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article imageEssential Science: First circular pure carbon molecule created

By Tim Sandle     Aug 26, 2019 in Science
Carbon atoms are of great importance for science, being able to form a variety of three-dimensional configurations. These allotropes are structurally different and have several key industrial uses.
In new research, scientists have created cyclocarbon – or a ring-like structure comprising only carbon. This has taken decades of research. The synthesis of the spherical carbon is the created of IBM Research–Zürich and Oxford University.
The new molecules are called cyclo[18]carbon, which is a reference to the creation of a circular molecule formed from 18 carbon atoms. The spherical nature of the shape has been confirmed using an atomic force microscope.
A new allotrope of carbon
The cyclo[18]carbon represents a new allotrope of carbon - elementally identical to other forms of carbon but structurally very different, as Nature reports. As an example, with diamonds carbon atoms are tetrahedrally bonded; whereas with graphite, this is formed of hexagonal atomic sheets of carbon. Another form is fullerene, composed of 60 carbon forming an icosahedral structure.
The cyclocarbon has been challenging to create because most attempts have created something highly reactive and therefore unstable. This arises because atoms are typically double-bonded with each other.
In recent decades, many more allotropes, or forms of carbon, have been discovered and researched including ball shapes such as buckminsterfullerene (a sixty-carbon atom form that has high electronic affinity) and sheets such as graphene. Graphene is the carbon-form of the moment. The material is flexible, transparent and conducts heat and electricity ten times better than copper, and it has good optical properties (making it suitable for flexible display screens).
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Ultra-high vacuum scanning tunneling microscopy image of a point defect in graphene that has been epitaxially grown on 6H-SiC(0001)
Argonne National Laboratory
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Synthesis process
With the new research, Laboratory Roots reports, Profesor Przemyslaw Gawel and his team took a different approach to the carbon synthesis route – they adopted a "subtraction" approach; that is they took atoms away rather than attempting to add atoms to a smaller structure. This involved using oxygen–carbon molecules positioned on a layer of sodium chloride, and placed inside a high-vacuum chamber.
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For this process the researchers began with a larger molecule C24O6 and then proceeded to remove a pair of carbon and oxygen atoms (C=O) at a time, by deploying a high-vacuum chamber (a process called induced atom manipulation). Following the removal of six carbon monoxide molecules, a cyclo[18]carbon was created. The new molecule has been assessed as thermodynamically stable.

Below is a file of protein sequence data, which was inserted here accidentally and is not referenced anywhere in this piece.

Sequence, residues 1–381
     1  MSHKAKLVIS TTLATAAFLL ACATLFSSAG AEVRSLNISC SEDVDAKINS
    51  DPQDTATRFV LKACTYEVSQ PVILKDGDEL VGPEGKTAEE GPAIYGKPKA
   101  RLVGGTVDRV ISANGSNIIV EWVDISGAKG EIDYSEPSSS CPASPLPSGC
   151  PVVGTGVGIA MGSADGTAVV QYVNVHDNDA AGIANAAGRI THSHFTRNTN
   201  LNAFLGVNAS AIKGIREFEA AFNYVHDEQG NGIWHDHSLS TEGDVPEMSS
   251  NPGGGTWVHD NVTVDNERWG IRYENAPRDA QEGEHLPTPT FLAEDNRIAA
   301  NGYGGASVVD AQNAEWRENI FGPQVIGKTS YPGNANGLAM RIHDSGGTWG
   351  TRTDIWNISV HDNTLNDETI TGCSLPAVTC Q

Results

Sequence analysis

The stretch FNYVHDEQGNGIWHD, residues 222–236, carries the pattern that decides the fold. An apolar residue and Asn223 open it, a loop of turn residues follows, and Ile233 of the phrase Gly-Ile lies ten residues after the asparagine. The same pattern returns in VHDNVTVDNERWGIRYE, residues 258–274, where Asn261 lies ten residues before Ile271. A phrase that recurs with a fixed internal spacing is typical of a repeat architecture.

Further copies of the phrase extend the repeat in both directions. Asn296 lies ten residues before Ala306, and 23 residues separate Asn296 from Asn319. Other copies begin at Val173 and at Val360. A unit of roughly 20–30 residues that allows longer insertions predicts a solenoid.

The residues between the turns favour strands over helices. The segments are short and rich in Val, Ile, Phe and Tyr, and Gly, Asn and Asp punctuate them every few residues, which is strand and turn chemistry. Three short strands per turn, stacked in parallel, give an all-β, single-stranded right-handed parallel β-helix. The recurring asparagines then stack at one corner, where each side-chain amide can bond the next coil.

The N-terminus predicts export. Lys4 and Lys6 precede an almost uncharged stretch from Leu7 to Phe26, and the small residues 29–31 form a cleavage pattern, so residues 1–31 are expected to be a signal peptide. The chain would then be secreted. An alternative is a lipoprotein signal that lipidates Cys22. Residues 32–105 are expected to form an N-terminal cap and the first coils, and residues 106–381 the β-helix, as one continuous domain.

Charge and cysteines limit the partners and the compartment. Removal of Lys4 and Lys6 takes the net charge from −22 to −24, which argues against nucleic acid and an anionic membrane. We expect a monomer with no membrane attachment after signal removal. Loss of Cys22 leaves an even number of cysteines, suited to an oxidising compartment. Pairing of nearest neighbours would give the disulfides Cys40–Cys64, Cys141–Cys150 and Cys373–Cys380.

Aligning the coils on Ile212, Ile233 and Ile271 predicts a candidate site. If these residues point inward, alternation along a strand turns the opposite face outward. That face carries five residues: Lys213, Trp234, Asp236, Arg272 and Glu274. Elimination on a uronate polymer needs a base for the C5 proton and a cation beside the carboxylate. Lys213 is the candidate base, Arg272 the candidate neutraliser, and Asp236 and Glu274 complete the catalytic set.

The synthesis process is described in the following video:
The analysis of the high-powered microscopic image reveals that each of the atoms in the C-18 ring are both triple- and single-bonded (the image analysis showed there were defined positions of alternating triple and single bonds). This is key to what this spherical form of carbon might be used for – as a semiconductor. In this way the cyclocarbon would have some similar properties to graphene.
Further research is required to assess the stability of this novel molecule and to determine the extent that it can be transformed into something practically useful, such as a molecular-sized transistor (this could be anew generation of molecular-scale electronic components).
The research could open up a path for the synthesis of other carbon allotropes and carbon-rich materials, each formed from the coalescence of cyclocarbon molecules.
Research paper
The new study has been published in the journal Science. The research paper is titled “An sp-hybridized molecular carbon allotrope, cyclo[18]carbon.”
Essential Science
CRISPR -  revolutionary new tool to cut and splice DNA.
CRISPR - revolutionary new tool to cut and splice DNA.
Illustration courtesy of Jennifer Doudna/UC Berkeley
This article is part of Digital Journal's regular Essential Science columns. Each week Tim Sandle explores a topical and important scientific issue. Last week we discussed how scientists working on Switzerland have refined the CRISPR-Cas gene editing method. Through this modification it is now possible for researchers to modify dozens of genes within a cell simultaneously, thereby speeding up the process.
The week before we learned how scientists have fitted a wireless device to the brains of mice and can control the brain neurons via smartphone. It may have an ominous, dystopian sci-fi feel to it but there is a serious side too, with potential for healthcare.
More about carboon, molecules, Electronics
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